Writing Beyond the Wall: Translation, Cross-cultural Exchange, and Chen Ran's 'A Private Life'

Kay Schaffer, Xianlin Song


The past decade has witnessed an unprecedented rise in the global flow of knowledge, nowhere more apparent in the exchange of ideas between China and modern western democracies. Our interest concerns one aspect of this global flow— the translation of Chinese women’s autobiographical writing into English. Taking Chen Ran’s A Private Life (English edition, 2004) as a point of departure, the paper explores issues of translingual practice and cross-cultural exchange. It considers what escapes or is lost in translation as well as the additive potential of the host text. It is sometimes the case that the translation can deliberately make certain ambiguities visible—whether from pragmatic, market-driven motivations or from more complex political, historical and cultural considerations. These negotiations of meaning that occur in the translation process can reverberate on the critical reception of texts in both the ‘guest’ and ‘host’ languages (Liu 1995), with open-ended, incomplete and indeterminate effects.
The paper examines the effects of the omission of a brief parenthetical section of three paragraphs from one chapter of the Chinese edition of A Private Life. Yet, even that small emendation changes the original text as a cultural object and alters potential modes of its reception. In this case, the translation results in a loss of ambiguity, irony, philosophic and rhetorical sophistication while also offering additive potentials that enhance the generation of new meanings in the translingual exchange, here with reference Tiananmen and contemporary feminism in China. The translation process provides new channels for readers, writers and theorists to dialogue and communicate across gaps of difference, despite inhibiting factors like the imposition of local restraints, the universalising pressures of western modernity, and asymmetrical relations of power between guest and host language contexts.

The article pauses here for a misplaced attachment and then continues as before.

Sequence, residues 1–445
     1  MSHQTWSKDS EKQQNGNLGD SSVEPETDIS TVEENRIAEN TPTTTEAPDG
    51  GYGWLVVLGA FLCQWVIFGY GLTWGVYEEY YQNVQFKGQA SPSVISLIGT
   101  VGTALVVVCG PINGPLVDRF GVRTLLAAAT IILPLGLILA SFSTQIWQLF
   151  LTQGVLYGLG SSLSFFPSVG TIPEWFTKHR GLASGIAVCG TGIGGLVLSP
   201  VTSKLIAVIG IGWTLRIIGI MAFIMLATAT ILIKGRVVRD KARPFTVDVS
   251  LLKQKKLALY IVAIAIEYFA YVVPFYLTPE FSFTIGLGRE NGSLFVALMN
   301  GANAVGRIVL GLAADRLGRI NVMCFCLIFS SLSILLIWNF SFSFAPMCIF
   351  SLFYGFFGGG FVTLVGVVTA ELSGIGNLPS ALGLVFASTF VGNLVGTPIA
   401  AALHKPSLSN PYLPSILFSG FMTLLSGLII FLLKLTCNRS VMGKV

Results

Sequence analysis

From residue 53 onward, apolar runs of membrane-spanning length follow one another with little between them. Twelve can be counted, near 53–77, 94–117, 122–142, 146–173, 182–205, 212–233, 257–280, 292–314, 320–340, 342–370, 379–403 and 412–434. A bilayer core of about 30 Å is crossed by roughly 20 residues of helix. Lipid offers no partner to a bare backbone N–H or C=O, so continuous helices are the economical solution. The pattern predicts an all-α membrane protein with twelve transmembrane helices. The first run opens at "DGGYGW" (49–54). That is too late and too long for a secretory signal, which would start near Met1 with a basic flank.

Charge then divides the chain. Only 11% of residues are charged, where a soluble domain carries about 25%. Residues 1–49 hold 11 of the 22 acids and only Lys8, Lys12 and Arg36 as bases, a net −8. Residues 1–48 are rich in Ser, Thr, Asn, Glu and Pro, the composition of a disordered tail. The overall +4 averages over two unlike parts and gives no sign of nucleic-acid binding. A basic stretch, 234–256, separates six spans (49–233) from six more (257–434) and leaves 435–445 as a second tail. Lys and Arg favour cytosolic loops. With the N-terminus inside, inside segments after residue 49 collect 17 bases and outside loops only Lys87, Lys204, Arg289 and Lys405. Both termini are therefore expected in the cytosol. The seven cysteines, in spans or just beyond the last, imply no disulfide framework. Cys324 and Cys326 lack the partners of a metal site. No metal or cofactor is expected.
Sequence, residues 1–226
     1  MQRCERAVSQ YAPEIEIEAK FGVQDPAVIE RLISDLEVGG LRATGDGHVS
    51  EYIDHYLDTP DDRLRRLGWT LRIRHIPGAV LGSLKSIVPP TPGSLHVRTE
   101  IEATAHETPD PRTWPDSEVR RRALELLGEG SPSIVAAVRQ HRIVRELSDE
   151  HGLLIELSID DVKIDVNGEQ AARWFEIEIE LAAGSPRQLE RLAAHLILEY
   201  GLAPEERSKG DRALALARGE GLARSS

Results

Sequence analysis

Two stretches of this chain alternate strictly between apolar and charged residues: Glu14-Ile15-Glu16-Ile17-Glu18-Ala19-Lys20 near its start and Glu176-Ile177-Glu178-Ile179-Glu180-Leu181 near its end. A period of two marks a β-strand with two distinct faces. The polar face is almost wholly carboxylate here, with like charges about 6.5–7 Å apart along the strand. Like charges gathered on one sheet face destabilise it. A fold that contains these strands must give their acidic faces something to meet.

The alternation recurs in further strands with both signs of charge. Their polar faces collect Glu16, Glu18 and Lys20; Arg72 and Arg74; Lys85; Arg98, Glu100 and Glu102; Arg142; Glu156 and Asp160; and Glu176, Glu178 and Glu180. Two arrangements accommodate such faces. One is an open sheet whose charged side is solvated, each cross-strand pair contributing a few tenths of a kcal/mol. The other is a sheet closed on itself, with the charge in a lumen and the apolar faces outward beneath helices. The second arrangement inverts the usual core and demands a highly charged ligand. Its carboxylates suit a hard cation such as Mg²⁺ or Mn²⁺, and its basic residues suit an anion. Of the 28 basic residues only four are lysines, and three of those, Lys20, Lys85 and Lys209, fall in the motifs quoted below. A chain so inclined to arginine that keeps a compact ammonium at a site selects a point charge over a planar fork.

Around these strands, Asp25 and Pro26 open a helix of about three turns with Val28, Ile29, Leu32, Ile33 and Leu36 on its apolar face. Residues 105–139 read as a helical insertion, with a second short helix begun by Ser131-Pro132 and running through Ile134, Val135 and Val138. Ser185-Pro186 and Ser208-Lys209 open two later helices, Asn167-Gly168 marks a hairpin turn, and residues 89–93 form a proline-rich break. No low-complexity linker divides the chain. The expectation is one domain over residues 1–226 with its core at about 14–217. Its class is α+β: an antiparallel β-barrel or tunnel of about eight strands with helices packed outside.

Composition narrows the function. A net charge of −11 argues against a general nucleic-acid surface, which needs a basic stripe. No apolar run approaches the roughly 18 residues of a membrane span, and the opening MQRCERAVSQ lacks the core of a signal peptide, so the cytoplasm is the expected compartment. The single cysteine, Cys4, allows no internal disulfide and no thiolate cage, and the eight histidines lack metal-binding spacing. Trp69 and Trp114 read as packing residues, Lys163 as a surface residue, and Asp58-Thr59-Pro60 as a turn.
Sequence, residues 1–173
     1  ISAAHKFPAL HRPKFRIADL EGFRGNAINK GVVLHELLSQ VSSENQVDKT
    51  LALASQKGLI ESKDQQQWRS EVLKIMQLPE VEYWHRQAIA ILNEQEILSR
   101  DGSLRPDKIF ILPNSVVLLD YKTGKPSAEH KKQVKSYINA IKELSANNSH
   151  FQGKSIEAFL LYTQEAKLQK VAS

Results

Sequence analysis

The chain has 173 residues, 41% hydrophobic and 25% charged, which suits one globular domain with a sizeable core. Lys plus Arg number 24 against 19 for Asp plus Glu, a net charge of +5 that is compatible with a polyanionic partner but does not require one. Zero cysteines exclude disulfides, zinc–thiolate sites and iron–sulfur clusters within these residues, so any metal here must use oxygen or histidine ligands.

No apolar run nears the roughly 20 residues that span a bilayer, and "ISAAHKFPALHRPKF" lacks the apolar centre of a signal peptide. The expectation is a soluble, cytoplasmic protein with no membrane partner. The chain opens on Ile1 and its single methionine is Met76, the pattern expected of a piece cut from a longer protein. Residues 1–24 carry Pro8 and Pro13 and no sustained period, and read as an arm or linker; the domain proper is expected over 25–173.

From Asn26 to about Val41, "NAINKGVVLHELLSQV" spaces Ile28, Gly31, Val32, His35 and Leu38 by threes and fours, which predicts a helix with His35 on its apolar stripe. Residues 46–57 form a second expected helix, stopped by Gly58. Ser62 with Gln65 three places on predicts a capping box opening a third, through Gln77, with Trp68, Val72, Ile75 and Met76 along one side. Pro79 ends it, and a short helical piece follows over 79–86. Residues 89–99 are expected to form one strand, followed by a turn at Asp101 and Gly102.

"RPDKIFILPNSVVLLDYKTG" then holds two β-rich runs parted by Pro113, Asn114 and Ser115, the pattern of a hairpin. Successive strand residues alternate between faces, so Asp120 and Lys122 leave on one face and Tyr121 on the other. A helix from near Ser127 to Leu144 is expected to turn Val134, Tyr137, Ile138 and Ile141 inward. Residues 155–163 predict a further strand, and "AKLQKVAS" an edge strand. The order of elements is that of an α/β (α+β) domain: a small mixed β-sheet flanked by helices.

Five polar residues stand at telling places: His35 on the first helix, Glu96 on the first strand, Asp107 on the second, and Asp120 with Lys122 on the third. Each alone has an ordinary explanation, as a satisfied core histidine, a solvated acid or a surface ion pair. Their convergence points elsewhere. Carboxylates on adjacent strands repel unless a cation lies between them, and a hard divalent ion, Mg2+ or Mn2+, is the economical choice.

translation; narrative; Chinese authors; gender; Tiananmen Square Massacre; Chen Ran

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DOI: http://dx.doi.org/10.5130/portal.v3i2.155